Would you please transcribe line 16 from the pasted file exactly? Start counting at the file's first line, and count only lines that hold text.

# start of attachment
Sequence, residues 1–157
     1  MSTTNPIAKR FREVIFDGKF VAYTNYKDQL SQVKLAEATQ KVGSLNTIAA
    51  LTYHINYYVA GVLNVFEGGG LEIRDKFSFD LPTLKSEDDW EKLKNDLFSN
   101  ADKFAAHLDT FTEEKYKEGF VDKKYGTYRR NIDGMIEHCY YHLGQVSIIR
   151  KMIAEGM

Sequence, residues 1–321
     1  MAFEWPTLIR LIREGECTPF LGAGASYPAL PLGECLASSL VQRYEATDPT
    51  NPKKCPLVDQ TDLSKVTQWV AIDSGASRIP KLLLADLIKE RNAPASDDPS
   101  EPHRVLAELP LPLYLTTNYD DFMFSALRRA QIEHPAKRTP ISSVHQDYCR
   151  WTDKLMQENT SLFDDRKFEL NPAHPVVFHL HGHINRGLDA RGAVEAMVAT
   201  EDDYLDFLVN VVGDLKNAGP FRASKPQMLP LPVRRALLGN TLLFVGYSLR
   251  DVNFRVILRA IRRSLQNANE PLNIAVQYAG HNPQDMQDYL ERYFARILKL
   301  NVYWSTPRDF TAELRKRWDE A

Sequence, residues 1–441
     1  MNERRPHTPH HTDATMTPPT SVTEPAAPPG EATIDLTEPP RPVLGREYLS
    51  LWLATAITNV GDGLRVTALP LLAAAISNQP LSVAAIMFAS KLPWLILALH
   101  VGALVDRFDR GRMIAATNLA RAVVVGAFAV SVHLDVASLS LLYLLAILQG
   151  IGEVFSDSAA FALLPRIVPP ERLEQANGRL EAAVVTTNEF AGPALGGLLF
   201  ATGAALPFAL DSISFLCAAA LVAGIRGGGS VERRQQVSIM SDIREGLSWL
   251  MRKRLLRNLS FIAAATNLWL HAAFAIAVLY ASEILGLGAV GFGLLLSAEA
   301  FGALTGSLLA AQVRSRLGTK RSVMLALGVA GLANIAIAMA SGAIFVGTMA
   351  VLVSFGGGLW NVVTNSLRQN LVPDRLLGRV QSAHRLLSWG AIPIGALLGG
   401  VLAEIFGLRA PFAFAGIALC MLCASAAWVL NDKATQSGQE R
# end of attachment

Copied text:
    51  LWLATAITNV GDGLRVTALP LLAAAISNQP LSVAAIMFAS KLPWLILALH